http://teamyikes.com/851/EarthX.mov

Yeah- replacing the regulator rectifier is crucial. Even if you dont want to run a lithium battery, its still a good idea. The MOSFET ones work with 2 and 3 wire stators, and provide very stable and reliable output. In light of the fact that Ducati's have traditionally had issues with charging systems, this seems like an obvious upgrade.
A MOSFET regulator is even more crucial with a lithium battery that does not have a BMS; the EarthX is supposed to have a BMS that *in theory* should stop excessive voltage from damaging the battery. As you point out, the chemistry (LiFe) helps ensure that there isnt a more significant "event". Many of the lower quality/less expensive lithium batteries now on the market would have done more damage here. Im glad you were able to avoid that- your bike is beautiful.


I guess my question would be why?

outside of the weight and lack of drain while sitting I do not see a reason to put a lithium in a older bike. My 1992 851 has never had a "modern " battery in it that means no AGM or lithium and once the old Ducati electronica rectifier was swapped out for a oem Hitachi updated version I have never had a battery issue. Yes it is heavy but it does not matter when you are not racing, a battery tender takes care of the battery during long term storage so no worries there. The battery drain is safety wired onto the battery so I know where the drain will dump.

I get the urge to modernize but as a reality check better can be subjective certainly when you need to re-invent the wheel to make something that is not-proven in your application. My 851 came new with a very comprehensive tool kit with it, this may have been some of the upgrade in 92, scary stuff I am glad the bike survived.
Well, an upgrade to a MOSFET regulator is literally a plug and play operation (using the Triumph harness), and will ensure stable voltage output. These are proven, in that almost all modern Ducati's come with them stock.
Now, take one more step and add a modern battery. Having a battery with 360 cranking amps in a big twin can be really helpful, especially as these bikes age- while also getting engine work done at the same time.
I would agree with you that weight is more important for track riding than on the street, but having more cranking amps is always going to be helpful.
 

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Well, an upgrade to a MOSFET regulator is literally a plug and play operation (using the Triumph harness), and will ensure stable voltage output. These are proven, in that almost all modern...
Roadstercycle's website says to check the connectors on your Ducati to see if the Triumph harness works for your solution. I take it you used this on your 851. Do you know if it would work on a '92 900SS with two wire stator? I know I should just take it apart and check, but figured I'd ask.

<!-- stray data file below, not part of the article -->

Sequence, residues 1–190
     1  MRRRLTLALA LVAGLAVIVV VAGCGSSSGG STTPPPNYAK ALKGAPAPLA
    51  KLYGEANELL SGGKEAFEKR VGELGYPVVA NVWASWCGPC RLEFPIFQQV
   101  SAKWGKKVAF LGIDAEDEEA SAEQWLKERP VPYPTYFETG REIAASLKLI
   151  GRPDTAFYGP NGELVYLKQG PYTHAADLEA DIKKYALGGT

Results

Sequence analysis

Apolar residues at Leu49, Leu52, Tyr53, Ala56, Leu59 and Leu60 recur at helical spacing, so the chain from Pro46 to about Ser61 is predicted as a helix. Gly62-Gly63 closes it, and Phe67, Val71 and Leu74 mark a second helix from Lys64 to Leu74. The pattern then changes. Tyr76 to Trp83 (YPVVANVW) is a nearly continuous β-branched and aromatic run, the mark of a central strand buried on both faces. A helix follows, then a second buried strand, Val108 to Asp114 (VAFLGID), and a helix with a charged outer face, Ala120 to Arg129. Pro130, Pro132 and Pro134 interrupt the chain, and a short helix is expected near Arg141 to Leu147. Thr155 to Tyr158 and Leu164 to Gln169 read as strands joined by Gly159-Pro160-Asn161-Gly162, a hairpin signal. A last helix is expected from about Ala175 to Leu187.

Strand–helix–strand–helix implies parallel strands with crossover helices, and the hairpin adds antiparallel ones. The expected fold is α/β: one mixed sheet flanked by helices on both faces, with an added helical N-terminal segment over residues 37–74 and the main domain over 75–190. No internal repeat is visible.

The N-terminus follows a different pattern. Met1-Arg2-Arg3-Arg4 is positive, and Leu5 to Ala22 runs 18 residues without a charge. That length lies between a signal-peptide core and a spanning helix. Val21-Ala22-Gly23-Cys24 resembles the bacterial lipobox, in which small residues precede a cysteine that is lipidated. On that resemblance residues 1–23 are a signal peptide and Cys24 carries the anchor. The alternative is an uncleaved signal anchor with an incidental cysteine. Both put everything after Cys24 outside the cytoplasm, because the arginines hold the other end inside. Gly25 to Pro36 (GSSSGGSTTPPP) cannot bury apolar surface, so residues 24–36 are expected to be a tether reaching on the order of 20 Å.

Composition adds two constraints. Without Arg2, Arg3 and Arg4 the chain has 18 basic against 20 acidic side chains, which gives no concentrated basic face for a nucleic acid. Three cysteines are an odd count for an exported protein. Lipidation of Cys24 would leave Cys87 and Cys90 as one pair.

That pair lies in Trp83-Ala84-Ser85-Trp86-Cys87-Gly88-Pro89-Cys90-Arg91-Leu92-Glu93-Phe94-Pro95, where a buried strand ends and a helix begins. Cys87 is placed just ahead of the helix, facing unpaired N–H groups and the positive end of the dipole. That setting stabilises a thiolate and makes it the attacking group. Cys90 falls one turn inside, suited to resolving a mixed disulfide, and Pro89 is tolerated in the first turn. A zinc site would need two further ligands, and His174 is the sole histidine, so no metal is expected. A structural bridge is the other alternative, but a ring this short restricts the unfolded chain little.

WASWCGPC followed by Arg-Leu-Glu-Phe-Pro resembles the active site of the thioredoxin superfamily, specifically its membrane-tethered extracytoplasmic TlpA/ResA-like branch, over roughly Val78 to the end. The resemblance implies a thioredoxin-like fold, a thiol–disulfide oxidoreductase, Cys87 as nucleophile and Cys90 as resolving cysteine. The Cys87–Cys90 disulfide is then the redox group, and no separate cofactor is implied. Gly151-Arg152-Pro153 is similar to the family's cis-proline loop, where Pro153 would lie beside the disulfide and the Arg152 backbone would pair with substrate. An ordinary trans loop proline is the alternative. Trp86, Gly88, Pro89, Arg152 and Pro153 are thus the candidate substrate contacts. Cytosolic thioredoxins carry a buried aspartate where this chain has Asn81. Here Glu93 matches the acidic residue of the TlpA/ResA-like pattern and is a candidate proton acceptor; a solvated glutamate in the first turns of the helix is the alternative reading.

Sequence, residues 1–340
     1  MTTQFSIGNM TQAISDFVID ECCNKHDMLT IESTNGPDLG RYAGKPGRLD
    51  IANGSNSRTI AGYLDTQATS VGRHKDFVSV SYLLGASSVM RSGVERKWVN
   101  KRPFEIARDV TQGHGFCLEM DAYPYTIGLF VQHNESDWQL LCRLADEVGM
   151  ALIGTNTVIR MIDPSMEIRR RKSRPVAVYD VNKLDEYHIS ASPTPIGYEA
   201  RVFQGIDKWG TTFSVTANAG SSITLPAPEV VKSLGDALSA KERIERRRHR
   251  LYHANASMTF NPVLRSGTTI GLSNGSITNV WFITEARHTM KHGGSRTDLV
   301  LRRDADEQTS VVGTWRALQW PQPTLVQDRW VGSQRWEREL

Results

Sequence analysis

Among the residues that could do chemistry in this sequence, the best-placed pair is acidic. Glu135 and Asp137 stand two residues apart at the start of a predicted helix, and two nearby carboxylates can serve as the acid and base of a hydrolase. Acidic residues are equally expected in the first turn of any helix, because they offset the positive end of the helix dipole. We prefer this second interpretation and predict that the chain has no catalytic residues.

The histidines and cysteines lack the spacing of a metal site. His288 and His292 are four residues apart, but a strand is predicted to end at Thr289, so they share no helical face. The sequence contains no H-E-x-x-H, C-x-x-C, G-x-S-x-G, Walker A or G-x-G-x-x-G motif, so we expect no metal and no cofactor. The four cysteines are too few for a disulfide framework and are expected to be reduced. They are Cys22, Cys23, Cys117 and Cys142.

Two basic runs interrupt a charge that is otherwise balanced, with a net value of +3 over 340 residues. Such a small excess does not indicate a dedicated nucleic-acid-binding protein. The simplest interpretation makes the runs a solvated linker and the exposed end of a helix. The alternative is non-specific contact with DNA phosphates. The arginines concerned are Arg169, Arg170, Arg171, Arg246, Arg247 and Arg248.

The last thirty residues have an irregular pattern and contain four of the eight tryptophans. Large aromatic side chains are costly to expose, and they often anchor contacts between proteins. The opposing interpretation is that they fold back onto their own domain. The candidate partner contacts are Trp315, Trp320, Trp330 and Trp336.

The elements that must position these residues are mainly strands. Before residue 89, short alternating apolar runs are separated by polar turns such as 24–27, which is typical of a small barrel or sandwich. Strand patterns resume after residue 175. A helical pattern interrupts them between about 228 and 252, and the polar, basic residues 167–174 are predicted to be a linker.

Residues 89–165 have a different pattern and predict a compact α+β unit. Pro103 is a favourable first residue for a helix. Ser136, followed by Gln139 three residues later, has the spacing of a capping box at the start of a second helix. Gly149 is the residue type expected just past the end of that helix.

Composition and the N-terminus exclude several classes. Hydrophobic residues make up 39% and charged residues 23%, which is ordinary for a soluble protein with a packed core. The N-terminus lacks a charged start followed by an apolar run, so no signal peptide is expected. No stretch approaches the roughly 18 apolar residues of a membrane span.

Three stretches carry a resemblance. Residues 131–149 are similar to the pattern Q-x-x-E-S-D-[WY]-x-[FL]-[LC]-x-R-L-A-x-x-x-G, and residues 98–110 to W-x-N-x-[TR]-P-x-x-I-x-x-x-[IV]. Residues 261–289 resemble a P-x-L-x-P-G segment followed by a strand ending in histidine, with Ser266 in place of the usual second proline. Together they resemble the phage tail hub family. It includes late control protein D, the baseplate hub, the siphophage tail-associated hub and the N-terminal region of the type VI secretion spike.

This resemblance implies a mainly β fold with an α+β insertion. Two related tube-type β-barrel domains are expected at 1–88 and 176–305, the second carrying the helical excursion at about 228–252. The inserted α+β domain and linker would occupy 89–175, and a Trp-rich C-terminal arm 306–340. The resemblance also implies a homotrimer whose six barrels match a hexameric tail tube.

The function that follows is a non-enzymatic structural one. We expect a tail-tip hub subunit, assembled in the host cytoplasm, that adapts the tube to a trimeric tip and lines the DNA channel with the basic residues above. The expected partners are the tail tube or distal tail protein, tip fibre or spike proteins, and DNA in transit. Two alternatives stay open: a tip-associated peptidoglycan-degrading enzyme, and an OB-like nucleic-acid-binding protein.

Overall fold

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Roadstercycle's website says to check the connectors on your Ducati to see if the Triumph harness works for your solution. I take it you used this on your 851. Do you know if it would work on a '92 900SS with two wire stator? I know I should just take it apart and check, but figured I'd ask.
I used the Triumph harness on my 748, 996, 999, and 1098. The nice thing about the Shindengen stuff from Roadstercycle, is that he will include wires and connectors, which you can cut to length and make perfect. It's a very simple install. Really.
Also- the Shindengen MOSFET stuff works with 2 and 3 wire stators.

For the last few bikes, Ive used the 847 version which apparently is a better unit.

So- yes, this will work on your 900 for sure.
 

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I guess my question would be why?
The main reason is I detest lead acid batteries. I have for years, back to the days when they were the only game in town. Dumping acid into a plastic case with a bunch of lead plates in it, and by design the whole mess has to be vented to atmosphere? Gaston Planté called, he wants to thank you for still using his 150 year old technology when lighter, stronger, smaller alternatives are available. :wink2:

Sure lead acid batteries can still work ok. I don't care. I hate them. I've got a '31 Ford hot rod project going, I won't even put a lead acid in that thing when the time comes. (Unless it's a hollow case I use to hide a modern battery). The only advantage lead acid batteries have is they are cheap. If cheap was critical to me I'd be playing around with 25 year old Honda CBRs, not Ducatis.

I started buying AGMs when they became readily available, but thought I'd try out a lithium this time. Like I said it was an expensive education but now I know and will likely put them in other bikes too. I don't see upgrading the charging system to a Shindegen as "reinventing the wheel" nor do I think that having a volt meter is a bad idea even with other battery tech.
 

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The main reason is I detest lead acid batteries.
And just to be on record this is a very sound reason, there ARE downsides to lead acids for sure.

lighter, stronger, smaller alternatives
My only dispute on this one is "stronger" I do not see any version (agm or lithium ) as stronger. Quite the contrary I would say the lithium's are less strong as there are instances of the lithium's breaking internally, I have customers who have cut open shori and Ballistics and found the terminals have separated internally. They have been able to repair these contacts and the battery worked again so I see some as less strong (due probably to assembly or poor connections) , buying a lithium with a sold connector that cannot be twisted when you attach wires is probably in your best interest.